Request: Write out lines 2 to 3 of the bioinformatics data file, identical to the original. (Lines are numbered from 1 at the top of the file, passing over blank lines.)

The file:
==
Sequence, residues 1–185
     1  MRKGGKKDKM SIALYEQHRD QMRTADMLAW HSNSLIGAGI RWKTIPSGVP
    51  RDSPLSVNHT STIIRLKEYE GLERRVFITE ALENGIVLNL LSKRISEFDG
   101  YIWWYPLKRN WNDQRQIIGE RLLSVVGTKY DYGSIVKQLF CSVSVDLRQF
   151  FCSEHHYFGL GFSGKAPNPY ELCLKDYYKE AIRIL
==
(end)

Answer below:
     1  MRKGGKKDKM SIALYEQHRD QMRTADMLAW HSNSLIGAGI RWKTIPSGVP
    51  RDSPLSVNHT STIIRLKEYE GLERRVFITE ALENGIVLNL LSKRISEFDG